While immunocryosurgery is known to be effective against primary nonsuperficial basal cell carcinoma (BCC), there is less data on its effectiveness in relapsed BCC.
Promising findings from an analysis of immunocryosurgery to treat basal cell carcinoma (BCC) that relapsed following surgery—be it standard excision or a Mohs procedure—call for this minimally invasive combination procedure to be further evaluated for use as the definitive treatment for selected facial BCC in the relapsed setting.
Findings were published recently in Current Oncology. To be included in the analysis, patients were required to have had their BCC tumors treated with the standard 5-week immunocryosurgery cycle—defined as daily application of the topical imiquimod for 5 week and a cryosession on day 14. Twenty-seven BCC cases were evaluated.
“In the past decade, we had sporadically treated relapsed BCC with immunocryosurgery, with promising efficacy and adequate tissue-sparing results,” study authors wrote. “In the present retrospective study, based on the compilation of these latter cases, we sought to evaluate the feasibility of immunocryosurgery as performed in a tertiary hospital and an ambulatory clinic.”
Approximately three-fourths (74.1%; n = 20) of the 27 tumors had clearance after 1 treatment cycle with immunocryosurgery. Of the remaining 7 cases that did not demonstrate clearance, a repeat cycle was needed for 2 and 1 patient preferred surgery. Four cases of BCC did not clear even with additional immunocryosurgery cycles. Of these 4 cases, surgery was chosen by 1 patient after a second cycle of immunocryosurgery did not lead to satisfactory clearance; for the 3 other patients who achieved partial remission, this outcome was held constant via occasionally repeating immunocryosurgery (a 6 and 44 months for 1 patient each) or until chemotherapy was initiated with vismodegib at 67 months of follow-up.
The investigators determined immunocryosurgery’s feasibility to induce relapsed BCC tumor clearance to be a mean (SD) of 81.5% (7.5%), and their results show that for the 22 tumors showing complete clearance after immunocryosurgery—20 after 1 cycle, 2 after 2 cycles—there were 3 instances of relapse that occurred at 9, 28, and 50 months. Overall, a mean (SD) of 66.7% (12.4%) remained tumor free by the end of a 5-year follow-up following just immunocryosurgery, with a “respective mean time in sustained tumor control of 101.9 (14.2) months,” the authors noted.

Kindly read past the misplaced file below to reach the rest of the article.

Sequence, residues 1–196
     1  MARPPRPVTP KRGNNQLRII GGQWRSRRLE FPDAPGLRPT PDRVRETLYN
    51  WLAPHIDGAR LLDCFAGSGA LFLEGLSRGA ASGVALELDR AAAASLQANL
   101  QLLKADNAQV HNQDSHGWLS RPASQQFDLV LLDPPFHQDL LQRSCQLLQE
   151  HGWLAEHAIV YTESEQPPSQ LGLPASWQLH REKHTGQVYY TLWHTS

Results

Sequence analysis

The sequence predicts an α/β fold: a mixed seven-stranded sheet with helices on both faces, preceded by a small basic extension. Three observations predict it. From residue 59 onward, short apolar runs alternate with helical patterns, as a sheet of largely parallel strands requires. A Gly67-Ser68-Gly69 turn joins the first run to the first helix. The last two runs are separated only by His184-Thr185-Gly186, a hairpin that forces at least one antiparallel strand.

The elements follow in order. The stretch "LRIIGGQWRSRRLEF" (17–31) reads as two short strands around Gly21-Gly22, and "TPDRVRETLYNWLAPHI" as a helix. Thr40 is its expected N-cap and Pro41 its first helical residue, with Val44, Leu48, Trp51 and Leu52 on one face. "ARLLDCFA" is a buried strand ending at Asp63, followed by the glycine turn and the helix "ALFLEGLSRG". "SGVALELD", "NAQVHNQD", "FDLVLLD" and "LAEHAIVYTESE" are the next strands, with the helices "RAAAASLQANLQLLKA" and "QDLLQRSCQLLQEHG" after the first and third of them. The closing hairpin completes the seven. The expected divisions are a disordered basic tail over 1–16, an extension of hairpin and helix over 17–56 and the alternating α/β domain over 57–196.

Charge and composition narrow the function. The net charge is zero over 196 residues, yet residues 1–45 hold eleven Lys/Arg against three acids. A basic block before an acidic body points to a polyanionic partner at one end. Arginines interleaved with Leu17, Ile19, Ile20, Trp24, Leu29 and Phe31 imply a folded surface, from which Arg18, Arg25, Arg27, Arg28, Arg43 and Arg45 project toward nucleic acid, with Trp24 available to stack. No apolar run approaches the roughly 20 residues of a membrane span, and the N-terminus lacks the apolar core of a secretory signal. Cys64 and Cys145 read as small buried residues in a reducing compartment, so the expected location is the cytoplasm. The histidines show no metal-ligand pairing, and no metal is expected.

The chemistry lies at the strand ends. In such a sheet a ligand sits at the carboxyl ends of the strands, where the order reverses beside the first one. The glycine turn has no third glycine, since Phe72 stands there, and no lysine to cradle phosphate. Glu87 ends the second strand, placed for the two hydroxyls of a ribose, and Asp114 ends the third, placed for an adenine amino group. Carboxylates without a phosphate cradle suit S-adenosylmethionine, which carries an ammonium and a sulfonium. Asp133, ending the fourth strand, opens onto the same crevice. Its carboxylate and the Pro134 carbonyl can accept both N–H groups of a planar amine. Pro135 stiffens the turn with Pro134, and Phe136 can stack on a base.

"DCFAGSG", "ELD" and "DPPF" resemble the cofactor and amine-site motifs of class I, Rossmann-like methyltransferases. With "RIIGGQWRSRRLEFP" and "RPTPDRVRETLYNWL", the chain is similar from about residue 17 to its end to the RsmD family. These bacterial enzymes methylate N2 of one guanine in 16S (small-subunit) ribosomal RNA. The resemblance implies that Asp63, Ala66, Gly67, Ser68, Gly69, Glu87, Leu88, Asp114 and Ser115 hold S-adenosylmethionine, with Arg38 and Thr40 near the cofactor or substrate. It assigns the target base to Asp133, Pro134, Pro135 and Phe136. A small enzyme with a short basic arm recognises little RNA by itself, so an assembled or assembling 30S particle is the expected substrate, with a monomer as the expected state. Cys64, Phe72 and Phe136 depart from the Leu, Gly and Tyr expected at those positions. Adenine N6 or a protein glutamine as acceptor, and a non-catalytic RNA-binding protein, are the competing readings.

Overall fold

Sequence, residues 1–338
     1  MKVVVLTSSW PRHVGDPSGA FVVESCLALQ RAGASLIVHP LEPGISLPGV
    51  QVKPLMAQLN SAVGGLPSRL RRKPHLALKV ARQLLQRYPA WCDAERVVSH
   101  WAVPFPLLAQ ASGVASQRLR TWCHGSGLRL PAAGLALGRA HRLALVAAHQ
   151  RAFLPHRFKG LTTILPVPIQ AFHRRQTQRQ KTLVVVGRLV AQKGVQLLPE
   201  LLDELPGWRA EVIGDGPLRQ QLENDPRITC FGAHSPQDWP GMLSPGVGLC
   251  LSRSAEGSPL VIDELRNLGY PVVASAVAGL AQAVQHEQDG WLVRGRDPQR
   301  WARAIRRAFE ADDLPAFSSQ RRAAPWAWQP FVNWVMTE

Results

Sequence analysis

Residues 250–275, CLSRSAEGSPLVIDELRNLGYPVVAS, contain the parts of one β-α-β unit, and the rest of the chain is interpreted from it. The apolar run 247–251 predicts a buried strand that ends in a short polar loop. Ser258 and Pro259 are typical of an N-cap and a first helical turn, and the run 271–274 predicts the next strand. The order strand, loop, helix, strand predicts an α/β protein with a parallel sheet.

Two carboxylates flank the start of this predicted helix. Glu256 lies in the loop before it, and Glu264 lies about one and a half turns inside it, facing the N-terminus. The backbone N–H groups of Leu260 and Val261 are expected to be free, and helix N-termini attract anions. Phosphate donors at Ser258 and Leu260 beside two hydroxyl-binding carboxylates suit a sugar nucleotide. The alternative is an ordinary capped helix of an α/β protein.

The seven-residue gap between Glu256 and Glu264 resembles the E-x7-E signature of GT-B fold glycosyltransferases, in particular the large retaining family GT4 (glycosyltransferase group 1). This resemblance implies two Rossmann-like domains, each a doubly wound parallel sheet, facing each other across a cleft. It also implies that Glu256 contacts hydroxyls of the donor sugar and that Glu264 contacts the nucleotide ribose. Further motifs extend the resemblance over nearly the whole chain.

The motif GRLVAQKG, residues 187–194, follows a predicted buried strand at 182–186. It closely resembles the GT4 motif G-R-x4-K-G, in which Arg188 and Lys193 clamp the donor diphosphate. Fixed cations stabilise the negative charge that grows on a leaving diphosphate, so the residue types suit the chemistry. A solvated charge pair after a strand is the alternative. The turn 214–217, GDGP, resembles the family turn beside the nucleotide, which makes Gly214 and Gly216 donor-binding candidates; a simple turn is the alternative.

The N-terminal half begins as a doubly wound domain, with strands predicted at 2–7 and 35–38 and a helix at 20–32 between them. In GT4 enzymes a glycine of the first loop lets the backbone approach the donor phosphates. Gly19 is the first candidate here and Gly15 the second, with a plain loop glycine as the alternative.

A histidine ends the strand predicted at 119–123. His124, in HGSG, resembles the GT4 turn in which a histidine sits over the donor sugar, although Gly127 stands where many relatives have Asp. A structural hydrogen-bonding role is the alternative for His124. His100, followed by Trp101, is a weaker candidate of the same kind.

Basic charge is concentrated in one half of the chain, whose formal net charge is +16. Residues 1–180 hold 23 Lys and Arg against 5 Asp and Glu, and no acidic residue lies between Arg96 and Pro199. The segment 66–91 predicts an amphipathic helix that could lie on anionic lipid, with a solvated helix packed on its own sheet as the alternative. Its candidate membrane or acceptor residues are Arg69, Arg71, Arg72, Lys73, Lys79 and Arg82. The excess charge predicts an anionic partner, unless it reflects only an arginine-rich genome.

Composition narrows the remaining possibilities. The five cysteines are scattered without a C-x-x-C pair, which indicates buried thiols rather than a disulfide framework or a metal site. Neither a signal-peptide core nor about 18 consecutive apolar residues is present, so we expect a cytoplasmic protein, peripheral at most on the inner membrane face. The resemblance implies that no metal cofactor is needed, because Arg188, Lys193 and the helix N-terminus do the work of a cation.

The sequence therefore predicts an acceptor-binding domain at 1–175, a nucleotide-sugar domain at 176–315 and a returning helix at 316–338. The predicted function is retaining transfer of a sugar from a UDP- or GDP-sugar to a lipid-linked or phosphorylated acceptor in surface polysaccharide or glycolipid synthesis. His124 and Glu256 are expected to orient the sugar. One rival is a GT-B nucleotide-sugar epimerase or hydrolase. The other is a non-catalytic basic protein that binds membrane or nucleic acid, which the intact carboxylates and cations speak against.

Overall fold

Among the 27 BCC cases, an aggressive histology was seen in 22% (n = 6); among these, the micromorphology was basosquamous in 4 and mixed (basosquamous and micronodular) or keratotic in 1 each.
Considering the tumor relapses and cases of BCC that never cleared, the authors determined overall 5-year efficacy to be a mean (SD) of 60.2% (13.4%) over a mean (SD) progression-free survival of 94.6 (15.1) months.
Following use of a Cox proportional hazards model, only total relapses before immunocryosurgery were shown to be an indicator for tumor progression after the procedure; the other factors investigated as potential predictors were patient age, maximal tumor diameter, average tumor growth rate, and risk factors for relapse before surgery. And treatment effectiveness was equivalent between younger and older (75 years and older) patients.
The investigators note that despite their positive findings on immunocryosurgery, their own previous data show BCC tumor size to be predictive of disease outcomes among patients with tumors larger than 2 cm, with effectiveness of immunocryosurgery sharply dropping when tumors are 2 to 4 cm. Therefore in these patients, “individualized approaches are required.”
Further, they stress the need for “universal predictive ‘tumor-specific factors’ for the response of BCC to treatment, common to all different therapeutic modalities, destructive or not, and on the other, of modality-specific predictive factors of treatment failure.”
Gaitanis G, Zampeta A, Tsintzou, et al. The feasibility of immunocryosurgery in the treatment of non-superficial, facial basal cell carcinoma that relapsed after standard surgical excision: an experience report from two centers. Curr Oncol. 2022;29(11):8475-8482. doi:10.3390/curroncol29110668